Property Casualty Insurers Association of America
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Industry Issues | McCarran-Ferguson Act
McCarran-Ferguson Act Questions and Answers

What is the McCarran-Ferguson Act?
The McCarran-Ferguson Act, enacted by Congress in 1945, is a federal law that exempts the business of insurance from some, but not all, federal antitrust laws. Cooperative actions that are essential to the nature of insurance are exempted only where they are actively regulated by the states.

Is it true that the insurance industry is not subject to federal antitrust laws?
The insurance industry is subject to antitrust laws. The McCarran-Ferguson Act only provides a limited exemption for activities that are considered the "business of insurance," which includes risk sharing and other activities that are actively regulated by state law. It does not allow price fixing or collusion on claims settlements. Furthermore, McCarran specifically prohibits insurers from engaging in boycotts, coercion or intimidation; if and when such activities may be found to exist, federal antitrust laws are fully applicable.

Why should the insurance industry enjoy a special exemption?
The exemption is necessary because it keeps prices down, increases competition and reduces unnecessary lawsuits. Insurance is regulated at the state level, and additional federal oversight would amount to duplicative regulation and more bureaucracy, ultimately resulting in higher costs and fewer insurance choices for consumers. It is important to note that insurance is not the only industry that is allowed an exemption. A number of other industries that are otherwise regulated by specific statutes, including agricultural cooperatives, bank mergers, labor unions, stock exchanges and others, also have limited exemptions.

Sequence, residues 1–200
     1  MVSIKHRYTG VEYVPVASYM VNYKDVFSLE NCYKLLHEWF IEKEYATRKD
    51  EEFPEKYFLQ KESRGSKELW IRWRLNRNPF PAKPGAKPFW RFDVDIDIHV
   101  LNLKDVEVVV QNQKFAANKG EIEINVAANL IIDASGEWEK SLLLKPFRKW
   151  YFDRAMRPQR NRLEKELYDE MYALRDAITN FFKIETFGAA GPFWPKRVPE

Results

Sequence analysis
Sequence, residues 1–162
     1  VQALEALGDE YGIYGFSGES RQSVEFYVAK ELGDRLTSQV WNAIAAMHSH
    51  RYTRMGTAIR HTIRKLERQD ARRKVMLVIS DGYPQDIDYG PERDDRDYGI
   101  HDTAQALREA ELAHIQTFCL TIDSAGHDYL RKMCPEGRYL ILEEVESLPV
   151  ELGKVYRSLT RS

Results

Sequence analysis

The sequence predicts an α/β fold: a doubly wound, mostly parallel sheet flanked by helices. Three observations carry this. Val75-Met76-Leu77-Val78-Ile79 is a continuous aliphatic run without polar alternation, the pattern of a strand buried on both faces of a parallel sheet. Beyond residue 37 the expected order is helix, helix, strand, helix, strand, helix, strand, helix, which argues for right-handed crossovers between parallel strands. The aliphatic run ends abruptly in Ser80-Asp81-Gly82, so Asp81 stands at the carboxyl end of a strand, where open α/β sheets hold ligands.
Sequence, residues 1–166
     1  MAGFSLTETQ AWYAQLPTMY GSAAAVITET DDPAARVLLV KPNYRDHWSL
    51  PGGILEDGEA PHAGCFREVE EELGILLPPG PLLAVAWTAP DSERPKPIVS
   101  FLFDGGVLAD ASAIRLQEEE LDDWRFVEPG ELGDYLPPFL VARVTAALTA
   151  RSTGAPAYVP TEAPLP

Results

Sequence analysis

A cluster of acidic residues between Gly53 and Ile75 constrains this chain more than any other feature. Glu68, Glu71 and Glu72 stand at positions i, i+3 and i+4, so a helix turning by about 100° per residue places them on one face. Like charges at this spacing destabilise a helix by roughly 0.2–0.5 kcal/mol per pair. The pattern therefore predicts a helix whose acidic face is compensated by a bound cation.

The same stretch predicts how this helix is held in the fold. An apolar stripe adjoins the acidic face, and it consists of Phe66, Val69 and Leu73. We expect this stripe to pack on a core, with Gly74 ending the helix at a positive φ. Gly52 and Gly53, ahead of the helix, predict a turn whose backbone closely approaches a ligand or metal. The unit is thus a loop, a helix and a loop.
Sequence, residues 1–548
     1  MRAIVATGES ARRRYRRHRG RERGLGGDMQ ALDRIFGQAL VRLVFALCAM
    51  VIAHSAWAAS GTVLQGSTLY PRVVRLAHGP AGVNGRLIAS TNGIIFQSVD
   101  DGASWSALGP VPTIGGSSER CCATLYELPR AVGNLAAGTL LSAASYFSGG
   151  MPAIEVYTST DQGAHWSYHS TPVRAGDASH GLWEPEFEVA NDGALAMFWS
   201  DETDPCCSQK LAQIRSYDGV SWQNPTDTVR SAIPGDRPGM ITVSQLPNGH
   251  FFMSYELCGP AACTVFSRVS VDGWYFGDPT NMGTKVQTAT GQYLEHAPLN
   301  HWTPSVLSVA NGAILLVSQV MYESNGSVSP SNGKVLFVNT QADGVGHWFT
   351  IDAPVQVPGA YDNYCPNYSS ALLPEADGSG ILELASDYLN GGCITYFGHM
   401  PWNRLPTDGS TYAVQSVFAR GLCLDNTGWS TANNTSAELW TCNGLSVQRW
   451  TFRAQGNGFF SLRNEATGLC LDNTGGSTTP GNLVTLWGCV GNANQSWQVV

Why does the insurance industry oppose repeal of McCarran-Ferguson?
An additional layer of federal regulation would drive up administrative and legal costs for insurers, and they would face onerous costs for data analysis that they can currently share. Small to mid-sized insurers, with smaller cash reserves, would be particularly hard hit by these costs, and it is conceivable that many of these insurers would not remain solvent. The end result of McCarran-Ferguson repeal is that consumer costs would go up, and consumers would have fewer choices for their insurance needs.

Does the limited exemption allow insurers to engage in anticompetitive behavior?
Insurers are not permitted to engage in anticompetitive behavior, and McCarran-Ferguson does not shield them from prosecution for collusion, price-fixing or any other anticompetitive activities. Additionally, state antitrust laws apply to the industry, as do state laws regulating the business of insurance.

Wouldn't application of federal antitrust laws to the industry prevent insurance companies from simultaneously leaving a state or market?
Federal antitrust laws related to collusion and boycotts currently apply to the insurance industry, and these activities are not permitted by the exemption.

Is this the first time that Congress has attempted to alter McCarran-Ferguson?
Calls for McCarran repeal have taken place in every decade, starting with the 1960s, and the most recent legislation, prior to now, was introduced in 1994. For forty years, different Congresses under vastly different circumstances have examined repeal and ultimately opted against it. While it certainly should not be taken as a given that the current Congress will follow suit, it is telling that so many past Congresses have taken up McCarran repeal and, upon careful examination, rejected it.

What evidence exists that McCarran-Ferguson repeal would help consumers?
No reliable evidence has been presented to demonstrate that repealing McCarran-Ferguson will help consumers. Conversely, there is good reason to worry that repeal would, in fact, hurt consumers by raising costs and reducing the number of insurance companies in the market, leading to less competition, fewer choices and higher costs for consumers.